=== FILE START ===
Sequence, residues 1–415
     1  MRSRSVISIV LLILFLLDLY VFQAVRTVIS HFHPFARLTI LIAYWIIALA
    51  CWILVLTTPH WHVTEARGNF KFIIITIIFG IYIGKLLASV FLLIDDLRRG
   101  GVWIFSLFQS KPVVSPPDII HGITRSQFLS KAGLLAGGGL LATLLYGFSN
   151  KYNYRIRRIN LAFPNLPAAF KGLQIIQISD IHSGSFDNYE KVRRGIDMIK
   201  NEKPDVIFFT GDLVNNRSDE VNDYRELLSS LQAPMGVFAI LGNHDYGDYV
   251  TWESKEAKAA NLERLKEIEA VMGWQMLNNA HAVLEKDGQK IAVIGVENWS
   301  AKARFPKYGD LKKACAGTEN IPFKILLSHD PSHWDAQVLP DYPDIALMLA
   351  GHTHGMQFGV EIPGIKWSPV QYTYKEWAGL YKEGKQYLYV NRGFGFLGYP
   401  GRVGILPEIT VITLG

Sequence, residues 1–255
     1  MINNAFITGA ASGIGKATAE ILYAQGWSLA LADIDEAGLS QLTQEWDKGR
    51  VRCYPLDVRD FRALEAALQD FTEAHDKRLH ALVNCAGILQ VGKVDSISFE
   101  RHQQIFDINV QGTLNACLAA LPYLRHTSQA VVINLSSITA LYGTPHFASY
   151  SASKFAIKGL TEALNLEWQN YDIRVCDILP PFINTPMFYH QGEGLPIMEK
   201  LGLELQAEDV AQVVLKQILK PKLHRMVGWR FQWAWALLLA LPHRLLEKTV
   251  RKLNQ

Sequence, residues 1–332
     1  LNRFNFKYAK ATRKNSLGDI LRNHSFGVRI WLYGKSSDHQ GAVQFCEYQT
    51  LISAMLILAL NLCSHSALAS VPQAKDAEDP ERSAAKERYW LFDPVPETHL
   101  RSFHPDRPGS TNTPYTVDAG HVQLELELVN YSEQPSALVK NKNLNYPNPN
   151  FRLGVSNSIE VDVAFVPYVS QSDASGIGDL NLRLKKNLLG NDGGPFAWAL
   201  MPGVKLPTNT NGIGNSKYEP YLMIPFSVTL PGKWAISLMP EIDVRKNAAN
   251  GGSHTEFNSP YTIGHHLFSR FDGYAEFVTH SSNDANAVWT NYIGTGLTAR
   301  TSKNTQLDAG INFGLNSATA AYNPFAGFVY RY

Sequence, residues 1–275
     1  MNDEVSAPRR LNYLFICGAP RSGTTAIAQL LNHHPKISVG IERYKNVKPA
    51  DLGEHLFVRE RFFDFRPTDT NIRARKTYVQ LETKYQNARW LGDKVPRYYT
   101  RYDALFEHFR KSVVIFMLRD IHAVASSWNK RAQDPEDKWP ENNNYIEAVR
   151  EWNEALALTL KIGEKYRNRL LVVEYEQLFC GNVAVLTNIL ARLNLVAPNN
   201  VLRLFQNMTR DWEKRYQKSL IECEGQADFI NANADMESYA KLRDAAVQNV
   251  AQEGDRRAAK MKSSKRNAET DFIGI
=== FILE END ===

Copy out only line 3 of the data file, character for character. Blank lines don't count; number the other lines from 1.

    51  CWILVLTTPH WHVTEARGNF KFIIITIIFG IYIGKLLASV FLLIDDLRRG